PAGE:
The work of Evi Tsana (Greek, and therefore here in her lands, but long lived in Italy) stands as a deepening and an ideal continuation of the journey undertaken. Hers Ephemeral Island is the landing place and also the coveted treasure. And it is essential to analyze what this treasure is made up of. With the intention of highlighting how precious everything is that has passed and experienced, the artist rethinks the concepts of beauty, useful and useless proceeding with a capillary collection. Woods smoothed by the sea, rusty tools, pieces of old furniture, drawers, fragments of stories and unknown but no less interesting events, are transformed in his hands into the beating hearts of small temples. Here we meet the all-female vocation for the preservation of the past, for the protection of what has been, because the woman has always been the custodian of the family stories, which are handed down and which ensure that piece by piece, everything is knotted together and makes sense . And the rest of this has always been woven by the artist’s work, ever since he recreated the spirit of the small newsstands that are found all over Greece on the side of the road, through the objet trouvé, a reminder of events or loved ones . Her Iconostases were just that: almost ex-votos, but substantiated by an oneiric matter, like when she told Adolescence through bunches of new and rusty keys or when, explaining the uphill path for the realization of a dream, she contained in frame a small scale. In an alternation between bright colors (profoundly Mediterranean) and the faded and lived colors that these objects bring with them from their past, the artist offers us a treasure chest that all together, side by side, go to build a island with irregular and changing boundaries. Ephemeral, to be precise. Because Evi Tsana – an artist and also a woman – knows well that everything is ephemeral, and that we must know how to let go. But she also knows that everything that passes has an eternal heart that is preserved and that someone else will find to continue the story, to preserve history.
If Evi Tsana moves in balance between sculpture and objet trouvé, Lorenza Morandotti is a pure sculptress. Clay and bronze are the materials that bring it into contact with the world, with creative strength and with the deepest point of the self, but they are also the means by which – from the moment his hands are supported by chance in the sign left by one of our ancestors on the surface of an erratic boulder – the artist seeks a dialogue with our origins. This is how she realized how the thread that links us to the past is something very complex and intricate, knotted and composed of a thousand materials – real or symbolic – and even if a little magical and has the power to take us to an elsewhere that is not only temporal, but also spatial. Her sculpture has always been a weaving of dialogues, ties, contacts and contrasts: rough and smooth, heavy and light, present and past, personal and universal, micro and macro, spirit and matter. And her story, here, moves in the dynamics of these areas. Ombelichi and Cosmi is a close narrative that takes us from the navel, the nodal point of our human-mortal-children (and, for us women, human-mortal-daughters-mothers), and the mysterious reality of black holes and galaxies . In that inscrutable and immeasurable universe, which in its entirety cannot be thought of or even seen, the millennial rhythms that pulsate within our molecules are recreated, in our most elusive self.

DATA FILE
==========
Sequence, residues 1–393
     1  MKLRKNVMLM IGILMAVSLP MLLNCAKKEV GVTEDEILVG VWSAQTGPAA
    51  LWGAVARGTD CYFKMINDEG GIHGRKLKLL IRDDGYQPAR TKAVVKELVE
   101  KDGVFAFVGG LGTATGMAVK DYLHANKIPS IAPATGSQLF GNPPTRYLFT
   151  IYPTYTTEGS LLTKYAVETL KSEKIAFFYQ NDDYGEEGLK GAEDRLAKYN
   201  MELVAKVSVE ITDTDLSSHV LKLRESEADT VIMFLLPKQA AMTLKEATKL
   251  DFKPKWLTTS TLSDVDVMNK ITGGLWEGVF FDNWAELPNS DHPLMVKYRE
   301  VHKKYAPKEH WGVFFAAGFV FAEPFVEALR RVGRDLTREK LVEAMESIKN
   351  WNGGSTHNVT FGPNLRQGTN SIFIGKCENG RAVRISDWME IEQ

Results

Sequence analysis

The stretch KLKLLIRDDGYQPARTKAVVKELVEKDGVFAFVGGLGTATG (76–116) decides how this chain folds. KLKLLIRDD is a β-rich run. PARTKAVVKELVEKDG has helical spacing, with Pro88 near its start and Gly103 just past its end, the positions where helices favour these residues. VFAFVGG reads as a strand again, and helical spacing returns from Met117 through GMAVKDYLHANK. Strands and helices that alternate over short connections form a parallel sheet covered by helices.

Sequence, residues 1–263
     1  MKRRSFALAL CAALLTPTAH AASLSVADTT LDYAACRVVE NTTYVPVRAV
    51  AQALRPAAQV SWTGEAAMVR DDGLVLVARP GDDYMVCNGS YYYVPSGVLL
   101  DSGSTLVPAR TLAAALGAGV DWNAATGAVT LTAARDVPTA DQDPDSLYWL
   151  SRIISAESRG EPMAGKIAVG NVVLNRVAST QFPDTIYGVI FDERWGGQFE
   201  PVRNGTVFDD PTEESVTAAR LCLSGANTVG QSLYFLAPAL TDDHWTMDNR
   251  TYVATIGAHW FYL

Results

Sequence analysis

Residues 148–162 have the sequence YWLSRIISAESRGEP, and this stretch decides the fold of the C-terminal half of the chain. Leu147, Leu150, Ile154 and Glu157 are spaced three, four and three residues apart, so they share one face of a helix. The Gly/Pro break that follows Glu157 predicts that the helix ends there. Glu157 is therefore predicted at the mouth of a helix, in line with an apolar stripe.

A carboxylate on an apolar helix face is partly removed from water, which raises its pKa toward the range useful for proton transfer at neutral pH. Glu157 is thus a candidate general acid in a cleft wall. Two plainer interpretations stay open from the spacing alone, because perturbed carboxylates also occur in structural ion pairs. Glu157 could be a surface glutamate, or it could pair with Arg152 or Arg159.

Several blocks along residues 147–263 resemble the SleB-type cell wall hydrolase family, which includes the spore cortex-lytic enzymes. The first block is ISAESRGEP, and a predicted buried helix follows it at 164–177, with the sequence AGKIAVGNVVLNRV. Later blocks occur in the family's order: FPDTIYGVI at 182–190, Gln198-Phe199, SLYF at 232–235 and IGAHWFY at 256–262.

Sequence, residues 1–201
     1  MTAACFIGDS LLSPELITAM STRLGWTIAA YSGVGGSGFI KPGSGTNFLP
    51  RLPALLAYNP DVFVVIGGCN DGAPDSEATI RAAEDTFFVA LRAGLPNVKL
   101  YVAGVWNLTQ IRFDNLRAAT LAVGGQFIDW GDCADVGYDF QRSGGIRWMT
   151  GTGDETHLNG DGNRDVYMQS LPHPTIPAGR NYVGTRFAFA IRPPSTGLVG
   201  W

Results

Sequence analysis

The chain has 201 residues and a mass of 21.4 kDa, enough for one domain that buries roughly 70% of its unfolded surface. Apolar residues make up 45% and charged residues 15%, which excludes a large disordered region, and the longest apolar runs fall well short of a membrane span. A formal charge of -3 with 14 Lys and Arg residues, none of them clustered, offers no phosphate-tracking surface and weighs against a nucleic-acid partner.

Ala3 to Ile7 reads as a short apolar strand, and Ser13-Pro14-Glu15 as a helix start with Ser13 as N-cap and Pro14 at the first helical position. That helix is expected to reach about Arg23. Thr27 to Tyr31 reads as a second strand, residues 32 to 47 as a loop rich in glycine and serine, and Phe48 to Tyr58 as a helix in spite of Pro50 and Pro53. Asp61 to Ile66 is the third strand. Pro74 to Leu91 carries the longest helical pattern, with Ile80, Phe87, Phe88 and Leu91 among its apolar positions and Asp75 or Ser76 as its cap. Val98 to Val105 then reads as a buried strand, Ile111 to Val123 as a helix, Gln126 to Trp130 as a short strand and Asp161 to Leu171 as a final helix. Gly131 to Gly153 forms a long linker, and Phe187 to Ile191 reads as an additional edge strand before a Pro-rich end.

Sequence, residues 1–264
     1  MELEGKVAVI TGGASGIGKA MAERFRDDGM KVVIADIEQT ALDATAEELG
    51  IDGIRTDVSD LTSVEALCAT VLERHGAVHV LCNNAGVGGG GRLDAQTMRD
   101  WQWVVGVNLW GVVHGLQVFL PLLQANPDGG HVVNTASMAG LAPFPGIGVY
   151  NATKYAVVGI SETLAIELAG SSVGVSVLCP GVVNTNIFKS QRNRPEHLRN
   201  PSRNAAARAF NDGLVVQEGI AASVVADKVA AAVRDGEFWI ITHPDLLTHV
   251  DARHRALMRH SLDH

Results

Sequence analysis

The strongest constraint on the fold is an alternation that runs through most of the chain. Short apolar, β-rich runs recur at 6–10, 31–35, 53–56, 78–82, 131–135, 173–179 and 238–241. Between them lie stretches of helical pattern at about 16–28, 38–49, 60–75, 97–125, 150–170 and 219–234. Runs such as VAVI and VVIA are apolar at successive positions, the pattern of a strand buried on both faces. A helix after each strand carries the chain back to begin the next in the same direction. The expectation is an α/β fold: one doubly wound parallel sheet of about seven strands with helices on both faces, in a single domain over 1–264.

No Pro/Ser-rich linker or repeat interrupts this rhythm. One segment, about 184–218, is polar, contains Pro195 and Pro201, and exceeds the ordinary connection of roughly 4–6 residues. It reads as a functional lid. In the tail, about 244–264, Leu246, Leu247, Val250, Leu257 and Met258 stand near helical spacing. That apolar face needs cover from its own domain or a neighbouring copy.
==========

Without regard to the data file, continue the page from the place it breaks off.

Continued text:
And there, in that game of circles and orbits, the artist investigates the meaning of our being in the world. The circular shape recurs, soft and welcoming in the fulcrum of our body, infinite and frightening in black holes; creation and conservation on the one hand, destructive fury on the other. The navel is the protagonist here in the small sculptures that dot a blue cloth – sea and origin of every possible life – in its primitive form of container (and what it is, if not the bowl, the exhibit par excellence, the one we trace in our archaeological past, associated with hands that have modeled it and then lovingly filled it?, but also in its function of connecting with the mother. The umbilical cord – the origin of everything – ideally stretches into an invisible but terribly solid thread capable of connecting us to the center of the galaxy, at the pulsating center of the universe.
And the circular shape returns and returns again in the Infinite Infiniti and in the Cosmos flags, flags that the artist thinks like a lay prayer to a sky too vast for our thinking to understand it, but also so small as to be contained all within us. And those flags carry vortices of aquatic colors, delicate, which transfigure one another, hypnotic in their infinite rotation around a center, while the edges fray, seem to want to dematerialize, to symbolize that invisible thread that binds everything and everything gives meaning, yes, but also reminds us that nothing lasts, not even what seems most solid, and that the very meaning of our existence lies in Anitya, in impermanence. That inescapable force that drives us to change, to become, to transform and that is at the base of our being alive…